A YORKSHIRE FREEHOLDER is informed, that want of room compels us to omit his communication.

Several valuable communications, in reply to INVESTIGATOR, p. 20, have been received; but pressure of matter has precluded all, except the one which first came to hand.

CLERICUS remarks, "As a further caution to Surrogates (vol. XC. ii. p. 488) a Correspondent in the True Briton' Evening Paper recommends their making particular enquiry as to the due appointment of Guardians of the persons who give consent to the Marriage of the Minors. Mr. Stockdale Hardy, in his 'Letter to a Country Surrogate,' repeats this caution, and recommends, in all cases where it can be obtained, the production of the Deed, or other Instrument of Guardianship, at the time of granting the Licence."

J. W. hopes the doubts of Eu. HOOD will be completely dispelled, when he informs him that the original Stone, in memory of Joe Miller, yet remains close to the one set up by Mr. Jarvis Buck. It is a common headstone, and has always stood. there within the memory of the oldest inhabitants of the parish. He further begs leave to state, that headstones never have been admitted into the lower church-yard in the Strand; the stones always forming part of the pavement.

WM. ALLEN says, "I am informed that some Letters on the subject of the Christian Religion, noticed in the Gentleman's Magazine, have been attributed to me, but so far from having been the author of them, I have never read them."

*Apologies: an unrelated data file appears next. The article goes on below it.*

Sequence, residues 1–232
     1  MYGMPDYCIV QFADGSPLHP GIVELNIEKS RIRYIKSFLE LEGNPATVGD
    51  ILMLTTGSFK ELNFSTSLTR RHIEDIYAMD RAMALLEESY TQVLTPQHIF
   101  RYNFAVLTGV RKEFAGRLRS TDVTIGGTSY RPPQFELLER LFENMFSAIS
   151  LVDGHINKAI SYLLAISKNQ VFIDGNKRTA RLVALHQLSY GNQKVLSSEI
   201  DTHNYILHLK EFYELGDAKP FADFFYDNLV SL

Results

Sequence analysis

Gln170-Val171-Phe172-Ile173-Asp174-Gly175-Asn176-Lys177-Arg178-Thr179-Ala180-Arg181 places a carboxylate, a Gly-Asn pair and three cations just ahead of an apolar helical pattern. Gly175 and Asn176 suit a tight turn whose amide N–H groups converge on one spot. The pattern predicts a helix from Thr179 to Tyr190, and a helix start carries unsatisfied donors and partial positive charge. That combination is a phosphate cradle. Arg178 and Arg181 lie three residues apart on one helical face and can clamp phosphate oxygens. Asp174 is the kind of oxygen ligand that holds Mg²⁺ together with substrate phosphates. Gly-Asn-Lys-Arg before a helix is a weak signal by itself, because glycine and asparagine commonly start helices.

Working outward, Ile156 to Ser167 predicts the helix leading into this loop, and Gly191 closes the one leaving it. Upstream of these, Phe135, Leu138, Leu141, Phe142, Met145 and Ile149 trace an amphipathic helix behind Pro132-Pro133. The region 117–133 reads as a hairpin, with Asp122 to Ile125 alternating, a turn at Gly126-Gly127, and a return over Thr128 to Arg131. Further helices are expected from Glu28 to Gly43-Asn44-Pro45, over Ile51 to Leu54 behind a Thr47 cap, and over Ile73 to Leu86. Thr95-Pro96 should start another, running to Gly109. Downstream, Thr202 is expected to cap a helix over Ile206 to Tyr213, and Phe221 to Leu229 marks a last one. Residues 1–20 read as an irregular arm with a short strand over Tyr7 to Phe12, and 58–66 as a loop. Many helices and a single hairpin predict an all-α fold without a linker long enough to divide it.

M. observes, “I find in Gent. Mag. vol. LXXII. p. 1020, some excellent remarks on the removal of Hatchments from Churches under repair. May I be permitted to suggest, that when they are so discoloured by time as not to coincide with the freshness of the supposed beautifying of the interior of the Church, they may be judiciously arranged and affixed in the Belfry, or other convenient place, that the historian or heraldic amateur (always endeavouring to discriminate between the genuine and un

authorized bearings) may not be frustrated and disappointed in his researches after local information, to be derived from objects. of this nature. It is much to be regretted, that Monuments, Stained Glass *, &c. are usually mutilated and disfigured when a Church or Hall are undergoing what is called a repair.'

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HISTORICUS inquires for particulars respecting the Rev. Mr. James, who, about 70 years ago, was, it is conceived, a Rector, or Vicar to a parish, probably in the neighbourhood of Harleston, in Norfolk.

D. K. would be obliged by the information of the author of a poem on Envy, the four first lines of which are as follows,

Prosperio, rich and young,

Preferr'd the morning air;

He walk'd the fields, nor walk'd them long,
Ere Rumour met him there.

Also, who is the author of the Life of
Oliver Cromwell, published in the year
1741; it is one volume thick octavo, with a
likeness of the Protector on a pedestal, with
his arms, drawn by S. Cooper, engraved
by G. Vertue, 1724. The work is pub-
lished by J. Brotherton, at the Bible, next